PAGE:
Yoda Pies: Mourning and Celebration

by Kee Kee on March 20, 2017

in Change,Memories,Yoda

Three weeks ago my precious Yoda left this world. Eric and I decided we wanted to set him free with a celebration of his large life. The last day of his life began with baking a “Yoda Pie” in his honor. The three of us ate the pie for lunch, and Yoda devoured his piece (an impressive feat, given we had spent the last month begging him to eat). With our first bite, we said “Thank you Yoda!” to express our gratitude for enriching our lives. Later that night, after Yoda was sedated by the vet, my friend Dorry Bless, a Life-Cycle Celebrant, conducted a beautiful ceremony to celebrate Yoda’s life. It involved sage, poetry, Tibetan bells, celebratory words about his magnificent and adventurous life, my thank you letter to Yoda, prayer and an original song of Eric’s that he sang through tears as he played it on the grand piano. Yoda had been near deaf for the past couple of years, only hearing our whistles. But his favorite spot in the house was in the studio next to the grand piano when Eric was playing. We think he could hear the piano, and possibly feel the vibrations. I’m convinced that Yoda, in his sedated state, felt love, comfort and safety as Eric sang him his beautiful song. Soon thereafter, the vet set him free as he lay in our arms.

The next week was without question the saddest week of my life. I had been preparing myself for a couple years as I watched Yoda slow down and become more fragile with age. I thought I had finally arrived at a place where I would celebrate his life more than I would mourn. Well I can now say with absolute certainty that there is no way one can prepare oneself for the loss of a beloved pet. But I was (and still am) determined to celebrate his life and find shama amidst the grief, and thus began my zealous baking of Yoda Pies. Each time the tears overwhelmed me, I would walk into the kitchen and make a Yoda Pie. While kneading the dough, rolling it out, preparing the filling, and while it was baking, I would think about the amazing adventures Yoda had during his long life and how this dog, my greatest teacher, helped me find shama by giving me the courage to live an authentic life. With my first bite of each pie I always say “Thank you Yoda,” as a way to express my gratitude for the many gifts he bestowed upon me.

I clearly have had a lot of tears to work through because I made SIXTEEN Yoda Pies during that first week alone. Apple; cherry-apple; cherry; mango-apple; sweet potato; raspberry; mixed berry; tofu-vegetable; millet oat vegetable; and many others. We can’t possibly eat them all, so we gave some away and froze others.

Now keep in mind, up until now, I think I’ve made only five pies in my entire life. Making pie was always something I found intimidating. My friend Beth Howard, author of Ms. American Pie: Buttery Good Pie Recipes and Bold Tales from the American Gothic House, has long believed in the healing power of pie. Her first book, Making Piece, is a memoir about how she used pie as a way to work through her grief after the death of her husband. But pie was always Beth’s thing, not mine. Yet now, I finally get it. Pie is indeed healing, and it is a perfect way to celebrate Yoda’s life now that he’s gone.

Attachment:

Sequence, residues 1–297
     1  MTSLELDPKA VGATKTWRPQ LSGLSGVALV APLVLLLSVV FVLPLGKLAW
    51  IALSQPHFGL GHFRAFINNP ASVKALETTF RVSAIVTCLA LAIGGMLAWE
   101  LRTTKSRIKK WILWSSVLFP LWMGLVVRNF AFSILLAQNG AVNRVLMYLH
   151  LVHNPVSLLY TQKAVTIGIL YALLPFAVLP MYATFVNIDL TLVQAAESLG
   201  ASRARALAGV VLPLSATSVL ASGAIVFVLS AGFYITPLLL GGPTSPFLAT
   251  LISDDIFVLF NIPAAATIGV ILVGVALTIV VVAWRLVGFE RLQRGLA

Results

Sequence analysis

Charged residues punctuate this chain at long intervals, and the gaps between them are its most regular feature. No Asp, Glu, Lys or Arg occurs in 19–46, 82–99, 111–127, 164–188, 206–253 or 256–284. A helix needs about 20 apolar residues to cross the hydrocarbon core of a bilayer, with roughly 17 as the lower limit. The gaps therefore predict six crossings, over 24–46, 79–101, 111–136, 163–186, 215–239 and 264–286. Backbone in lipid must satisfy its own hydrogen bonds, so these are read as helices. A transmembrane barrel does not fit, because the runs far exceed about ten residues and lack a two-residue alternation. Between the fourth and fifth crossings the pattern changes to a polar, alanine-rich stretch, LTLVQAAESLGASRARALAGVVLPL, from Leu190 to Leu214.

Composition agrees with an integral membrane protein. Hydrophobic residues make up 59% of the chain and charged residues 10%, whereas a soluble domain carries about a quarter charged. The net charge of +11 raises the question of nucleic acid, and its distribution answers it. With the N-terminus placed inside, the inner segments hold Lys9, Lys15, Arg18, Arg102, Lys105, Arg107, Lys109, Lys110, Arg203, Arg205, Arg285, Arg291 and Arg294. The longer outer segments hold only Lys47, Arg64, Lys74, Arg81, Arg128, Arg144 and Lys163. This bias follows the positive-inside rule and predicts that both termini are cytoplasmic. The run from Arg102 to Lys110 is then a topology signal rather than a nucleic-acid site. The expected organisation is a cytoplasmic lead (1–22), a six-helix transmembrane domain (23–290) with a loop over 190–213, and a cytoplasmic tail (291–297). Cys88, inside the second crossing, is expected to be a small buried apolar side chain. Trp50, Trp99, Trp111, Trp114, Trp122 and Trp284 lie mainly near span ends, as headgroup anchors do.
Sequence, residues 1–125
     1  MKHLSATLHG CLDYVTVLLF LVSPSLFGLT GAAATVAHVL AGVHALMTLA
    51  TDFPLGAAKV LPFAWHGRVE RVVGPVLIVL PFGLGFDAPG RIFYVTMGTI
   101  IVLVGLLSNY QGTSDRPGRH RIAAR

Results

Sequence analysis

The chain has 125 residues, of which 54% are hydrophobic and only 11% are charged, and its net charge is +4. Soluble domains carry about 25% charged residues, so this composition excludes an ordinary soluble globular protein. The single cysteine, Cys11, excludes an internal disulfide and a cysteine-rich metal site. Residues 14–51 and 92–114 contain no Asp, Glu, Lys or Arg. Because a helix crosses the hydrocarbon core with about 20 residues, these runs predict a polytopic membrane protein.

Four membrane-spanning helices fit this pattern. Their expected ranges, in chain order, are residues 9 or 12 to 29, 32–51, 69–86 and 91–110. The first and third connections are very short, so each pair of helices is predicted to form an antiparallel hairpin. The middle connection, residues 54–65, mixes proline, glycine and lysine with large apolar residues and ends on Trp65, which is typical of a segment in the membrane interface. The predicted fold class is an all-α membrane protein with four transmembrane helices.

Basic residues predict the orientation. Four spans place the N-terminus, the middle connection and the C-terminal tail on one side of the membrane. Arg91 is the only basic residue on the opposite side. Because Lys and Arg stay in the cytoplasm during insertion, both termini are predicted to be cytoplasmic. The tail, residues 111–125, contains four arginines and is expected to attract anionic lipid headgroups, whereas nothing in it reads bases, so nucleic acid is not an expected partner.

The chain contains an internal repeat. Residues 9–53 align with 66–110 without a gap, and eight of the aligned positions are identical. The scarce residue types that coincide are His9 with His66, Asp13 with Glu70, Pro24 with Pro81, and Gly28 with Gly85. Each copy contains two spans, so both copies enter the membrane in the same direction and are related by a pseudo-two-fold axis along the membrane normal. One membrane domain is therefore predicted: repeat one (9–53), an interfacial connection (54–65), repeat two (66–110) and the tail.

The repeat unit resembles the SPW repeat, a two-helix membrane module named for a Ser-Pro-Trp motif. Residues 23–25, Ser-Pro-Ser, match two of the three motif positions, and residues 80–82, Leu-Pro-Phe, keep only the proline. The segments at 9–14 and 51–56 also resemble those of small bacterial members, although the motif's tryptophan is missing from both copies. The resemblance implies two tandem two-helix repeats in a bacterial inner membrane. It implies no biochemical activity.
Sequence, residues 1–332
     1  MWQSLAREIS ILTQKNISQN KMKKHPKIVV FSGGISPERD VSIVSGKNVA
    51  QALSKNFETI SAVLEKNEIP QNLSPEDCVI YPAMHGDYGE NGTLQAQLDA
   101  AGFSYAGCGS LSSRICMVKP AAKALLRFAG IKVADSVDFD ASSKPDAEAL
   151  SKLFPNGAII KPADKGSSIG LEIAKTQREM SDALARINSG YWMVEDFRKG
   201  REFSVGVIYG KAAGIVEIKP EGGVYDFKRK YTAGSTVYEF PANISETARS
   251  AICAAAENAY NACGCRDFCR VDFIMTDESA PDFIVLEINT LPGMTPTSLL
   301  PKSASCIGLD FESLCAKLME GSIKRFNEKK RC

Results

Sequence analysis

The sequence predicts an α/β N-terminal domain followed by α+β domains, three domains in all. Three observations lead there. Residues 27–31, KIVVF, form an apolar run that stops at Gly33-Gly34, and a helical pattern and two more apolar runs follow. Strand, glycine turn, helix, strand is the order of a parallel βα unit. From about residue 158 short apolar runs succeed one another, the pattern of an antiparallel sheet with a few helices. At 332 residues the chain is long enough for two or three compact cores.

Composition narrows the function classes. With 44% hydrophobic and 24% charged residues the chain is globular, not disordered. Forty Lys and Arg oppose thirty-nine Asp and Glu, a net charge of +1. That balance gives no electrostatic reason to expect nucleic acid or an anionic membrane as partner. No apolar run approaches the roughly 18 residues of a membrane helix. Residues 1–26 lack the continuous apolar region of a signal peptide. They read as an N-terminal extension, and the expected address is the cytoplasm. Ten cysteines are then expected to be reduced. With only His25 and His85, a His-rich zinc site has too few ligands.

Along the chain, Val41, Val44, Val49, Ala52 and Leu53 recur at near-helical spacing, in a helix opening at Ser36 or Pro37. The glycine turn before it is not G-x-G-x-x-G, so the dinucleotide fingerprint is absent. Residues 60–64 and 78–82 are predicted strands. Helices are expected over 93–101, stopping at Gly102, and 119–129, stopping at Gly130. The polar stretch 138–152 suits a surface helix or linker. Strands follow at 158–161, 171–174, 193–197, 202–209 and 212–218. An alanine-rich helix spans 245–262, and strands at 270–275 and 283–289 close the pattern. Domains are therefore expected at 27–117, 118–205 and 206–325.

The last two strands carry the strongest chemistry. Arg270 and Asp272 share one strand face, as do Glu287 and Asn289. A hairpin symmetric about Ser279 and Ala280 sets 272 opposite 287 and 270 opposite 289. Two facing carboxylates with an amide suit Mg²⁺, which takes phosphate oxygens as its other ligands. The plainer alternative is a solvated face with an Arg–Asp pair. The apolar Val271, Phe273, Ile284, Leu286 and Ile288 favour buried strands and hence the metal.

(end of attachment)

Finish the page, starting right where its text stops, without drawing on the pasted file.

Making Yoda Pies turned out to be the only thing that comforted me during that first painful week. I’ve slowed down the pace of baking Yoda Pies, mainly because of travel last week and travel this week.

I know this intense mourning is the price we pay for having been lucky enough to experience the unconditional love of a dog. I’m not the first, and I certainly won’t be the last, to grieve the loss of a furry soul mate. My heart hurts, and it quite likely will for some time. But my broken heart is a small price to pay for having been blessed with 12 ½ years with my little shama warrior. There is so much to celebrate about the life we shared. So I will continue to bake Yoda Pies, even when memories trigger smiles instead of tears.

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{ 2 comments }

Julie Ernsberger March 21, 2017 at 9:36 am

Losing a pet is truly like losing a relative. It is a loss that will get easier to bear with time yet is one that will always be with you. {{HUGS}} Let Eric’s musical gift be healing. 🙂

Kee Kee March 21, 2017 at 11:23 am

Thank you so much for the kind, wise words. Yes, time will heal. It always does. 🙂

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